In the light of the aurora

Optical auroral research in northernmost Europe

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The aurora, or northern lights, is the most variable light phenomenon in the sky and the result of physical processes taking place in near-Earth space. The colours, shapes, intensities, locations and movements of auroral forms give us information about these processes. Ground-based optical studies are superior for high-resolution measurements and to distinguish temporal and spatial effects. Arctic Europe is a most convenient place to study the aurora. Many instruments and research facilities have been placed here. The Network for Groundbased Optical Auroral Research in the Arctic Region is supported by the Nordic Council of Ministers and consists of all research institutions in northern Norway, Sweden, Finland and on theKola Peninsula active in optical auroral research. This reportintroduces optical aurora and optical research methods, research institutions and research infrastructure. It also describes the activities of the network: workshops, mobility programme and scientific results.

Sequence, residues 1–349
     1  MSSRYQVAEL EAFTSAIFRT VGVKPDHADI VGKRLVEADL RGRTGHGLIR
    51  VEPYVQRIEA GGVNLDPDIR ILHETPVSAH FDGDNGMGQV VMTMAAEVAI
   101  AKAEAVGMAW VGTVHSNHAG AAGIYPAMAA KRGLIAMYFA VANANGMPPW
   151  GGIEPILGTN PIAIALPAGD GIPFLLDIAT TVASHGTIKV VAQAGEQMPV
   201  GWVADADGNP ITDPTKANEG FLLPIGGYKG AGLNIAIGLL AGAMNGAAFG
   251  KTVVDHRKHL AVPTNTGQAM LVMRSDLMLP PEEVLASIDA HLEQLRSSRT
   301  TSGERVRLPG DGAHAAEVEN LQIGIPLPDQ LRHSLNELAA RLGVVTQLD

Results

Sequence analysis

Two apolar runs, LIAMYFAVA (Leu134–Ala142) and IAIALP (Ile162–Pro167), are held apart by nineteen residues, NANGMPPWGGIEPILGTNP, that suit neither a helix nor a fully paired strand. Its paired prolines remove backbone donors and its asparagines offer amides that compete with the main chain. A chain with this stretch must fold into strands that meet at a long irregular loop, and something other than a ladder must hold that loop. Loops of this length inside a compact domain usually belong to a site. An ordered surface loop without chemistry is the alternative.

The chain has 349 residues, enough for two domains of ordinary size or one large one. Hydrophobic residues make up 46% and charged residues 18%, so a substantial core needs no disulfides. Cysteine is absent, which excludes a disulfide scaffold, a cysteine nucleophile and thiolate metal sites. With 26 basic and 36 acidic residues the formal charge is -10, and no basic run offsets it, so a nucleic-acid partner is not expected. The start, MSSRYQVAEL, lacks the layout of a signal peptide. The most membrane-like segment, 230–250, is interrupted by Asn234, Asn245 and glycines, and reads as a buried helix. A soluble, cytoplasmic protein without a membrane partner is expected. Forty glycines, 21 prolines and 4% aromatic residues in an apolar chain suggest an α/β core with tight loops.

The aurora, or northern lights, is the result of physical processes taking place in near-Earth space. These processes are at times quite dramatic and are caused by the interaction between the solar wind and the Earth's magnetic field. Aurora is created when charged particles from space hit the upper atmosphere. These charged particles are guided by the magnetic field of the Earth so that they usually hit the atmosphere far to the north or far to the south. Thus it is fair to say that the Arctic is a window on space. And since space is dominated by matter in the plasma state, studies of the auroral light give insight into various aspects of plasma physics.


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